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Final Valuation Of Kiwirail Released

Contributor:
Fuseworks Media
Fuseworks Media

Wellington, June 30 NZPA - The final valuation of KiwiRail was $369 million -- more than half the price the Government paid for it.

The Labour government bought TranzRail from Toll on July 1 last year for $690m. A provisional valuation in the government financial statements in September 2008 put the value at $442m.

Today Transport Minister Steven Joyce said the final valuation by PriceWaterhouseCoopers was $388.29m.

A Treasury report said a fair value for KiwiRail at the purchase date would have been $369.54m.

"This results in a final financial loss on acquisition of Toll NZ Ltd of $320m," the report said.

In Parliament Mr Joyce said a further $210m was spent on loans and $90m on operational subsidies.

"It's quite obvious to anyone looking at this transaction that the previous government significantly overpaid for KiwiRail and paying that much handicaps its future," he said.

The public was not told about the large financial burden including the backlog of needed expenditure before the purchase was made, he said.

Progressive MP Jim Anderton pointed out that a National government had sold the rail in the first place and it had been stripped by the buyers and had subsequently suffered from lack of investment.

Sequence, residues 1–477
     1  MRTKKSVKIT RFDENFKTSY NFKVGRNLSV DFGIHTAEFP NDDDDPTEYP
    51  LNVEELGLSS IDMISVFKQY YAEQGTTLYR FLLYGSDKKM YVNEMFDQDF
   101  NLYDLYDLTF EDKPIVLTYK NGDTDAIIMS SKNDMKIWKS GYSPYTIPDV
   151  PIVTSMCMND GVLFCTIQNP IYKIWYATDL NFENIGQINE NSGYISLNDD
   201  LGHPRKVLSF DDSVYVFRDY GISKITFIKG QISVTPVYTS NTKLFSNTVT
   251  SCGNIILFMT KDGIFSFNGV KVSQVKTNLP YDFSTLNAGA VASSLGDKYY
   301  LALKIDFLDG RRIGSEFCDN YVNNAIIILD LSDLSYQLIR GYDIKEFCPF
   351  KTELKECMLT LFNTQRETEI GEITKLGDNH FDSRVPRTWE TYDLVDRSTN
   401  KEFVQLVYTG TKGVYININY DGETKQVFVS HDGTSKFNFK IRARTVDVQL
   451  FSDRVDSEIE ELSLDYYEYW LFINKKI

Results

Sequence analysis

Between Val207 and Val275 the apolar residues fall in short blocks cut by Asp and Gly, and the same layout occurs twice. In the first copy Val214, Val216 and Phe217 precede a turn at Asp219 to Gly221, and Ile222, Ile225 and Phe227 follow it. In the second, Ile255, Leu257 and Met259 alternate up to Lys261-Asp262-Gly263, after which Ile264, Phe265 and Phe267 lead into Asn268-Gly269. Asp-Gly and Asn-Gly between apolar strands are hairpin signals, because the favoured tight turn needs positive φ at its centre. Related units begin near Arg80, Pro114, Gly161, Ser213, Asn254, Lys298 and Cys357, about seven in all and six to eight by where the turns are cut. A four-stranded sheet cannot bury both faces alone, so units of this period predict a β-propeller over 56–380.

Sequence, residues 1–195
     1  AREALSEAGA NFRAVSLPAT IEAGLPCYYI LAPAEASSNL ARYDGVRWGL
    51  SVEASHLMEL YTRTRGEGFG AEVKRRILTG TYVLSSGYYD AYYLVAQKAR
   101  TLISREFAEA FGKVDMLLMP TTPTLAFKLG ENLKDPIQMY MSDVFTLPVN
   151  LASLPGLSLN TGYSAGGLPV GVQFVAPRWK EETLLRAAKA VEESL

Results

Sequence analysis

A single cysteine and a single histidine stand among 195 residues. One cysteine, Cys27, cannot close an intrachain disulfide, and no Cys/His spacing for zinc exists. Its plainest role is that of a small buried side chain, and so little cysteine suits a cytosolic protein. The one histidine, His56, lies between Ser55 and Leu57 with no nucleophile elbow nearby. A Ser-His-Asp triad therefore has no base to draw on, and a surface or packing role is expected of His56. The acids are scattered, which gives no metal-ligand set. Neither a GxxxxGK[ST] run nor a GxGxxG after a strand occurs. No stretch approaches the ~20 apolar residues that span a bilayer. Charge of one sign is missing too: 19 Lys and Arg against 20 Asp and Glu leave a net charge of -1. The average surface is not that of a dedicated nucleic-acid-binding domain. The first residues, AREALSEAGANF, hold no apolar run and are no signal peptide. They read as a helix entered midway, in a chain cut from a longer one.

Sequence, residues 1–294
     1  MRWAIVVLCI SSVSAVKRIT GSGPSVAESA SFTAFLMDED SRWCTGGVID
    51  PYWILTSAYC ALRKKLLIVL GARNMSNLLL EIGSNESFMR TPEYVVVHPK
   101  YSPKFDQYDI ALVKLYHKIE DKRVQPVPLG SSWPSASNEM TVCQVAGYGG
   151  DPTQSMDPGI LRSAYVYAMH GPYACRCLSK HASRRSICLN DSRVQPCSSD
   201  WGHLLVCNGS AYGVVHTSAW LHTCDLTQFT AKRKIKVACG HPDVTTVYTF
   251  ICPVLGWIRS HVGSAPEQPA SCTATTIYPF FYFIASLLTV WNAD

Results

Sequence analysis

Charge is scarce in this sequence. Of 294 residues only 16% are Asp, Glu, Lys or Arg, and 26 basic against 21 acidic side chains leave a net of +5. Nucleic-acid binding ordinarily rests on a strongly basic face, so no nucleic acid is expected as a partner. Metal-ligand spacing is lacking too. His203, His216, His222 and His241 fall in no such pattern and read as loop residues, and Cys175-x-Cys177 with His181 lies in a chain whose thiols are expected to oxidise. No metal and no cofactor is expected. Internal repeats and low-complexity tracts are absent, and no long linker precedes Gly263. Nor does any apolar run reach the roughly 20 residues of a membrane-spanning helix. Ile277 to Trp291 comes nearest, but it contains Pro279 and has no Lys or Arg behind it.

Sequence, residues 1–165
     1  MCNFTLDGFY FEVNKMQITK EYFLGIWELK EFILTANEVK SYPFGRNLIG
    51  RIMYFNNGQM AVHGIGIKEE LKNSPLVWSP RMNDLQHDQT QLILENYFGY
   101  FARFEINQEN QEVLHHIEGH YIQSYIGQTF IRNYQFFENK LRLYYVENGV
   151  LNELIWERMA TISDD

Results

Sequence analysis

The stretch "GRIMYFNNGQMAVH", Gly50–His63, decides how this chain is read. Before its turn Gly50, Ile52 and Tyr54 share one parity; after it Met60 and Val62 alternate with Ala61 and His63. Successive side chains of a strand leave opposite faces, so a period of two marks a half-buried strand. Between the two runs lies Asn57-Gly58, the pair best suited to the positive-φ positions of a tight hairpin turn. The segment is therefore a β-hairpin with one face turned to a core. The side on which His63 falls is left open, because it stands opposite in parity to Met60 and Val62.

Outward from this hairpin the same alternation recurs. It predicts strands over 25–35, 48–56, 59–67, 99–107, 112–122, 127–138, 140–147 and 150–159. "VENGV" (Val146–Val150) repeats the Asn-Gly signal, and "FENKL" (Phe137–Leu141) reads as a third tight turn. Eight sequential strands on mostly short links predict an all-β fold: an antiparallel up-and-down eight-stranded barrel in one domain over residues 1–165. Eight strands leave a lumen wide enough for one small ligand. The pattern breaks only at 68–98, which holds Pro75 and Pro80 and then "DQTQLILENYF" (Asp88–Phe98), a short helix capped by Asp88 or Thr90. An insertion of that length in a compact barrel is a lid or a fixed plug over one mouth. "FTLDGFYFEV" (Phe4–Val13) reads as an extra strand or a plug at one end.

Mr Joyce said that was ancient history.

"No one in their right mind would pay the kind of money for KiwiRail that the previous government paid."

The previous government said $1b was needed to bring the rail back up to standard. Mr Joyce said any investments would need to be sensible.

In a later statement Labour transport spokesman Darren Hughes said senior government figures had disparaged rail and its potential.

"The reality is that provincial New Zealand rail lines would gradually have become the lines to nowhere if (former finance minister) Michael Cullen and the Labour Government had not had the foresight to buy KiwiRail," he said.

"That purchase was made with an eye toward an uncertain future about which it would take a brave pundit indeed to say rail won't play an important part."

Mr Hughes questioned National's commitment to rail.

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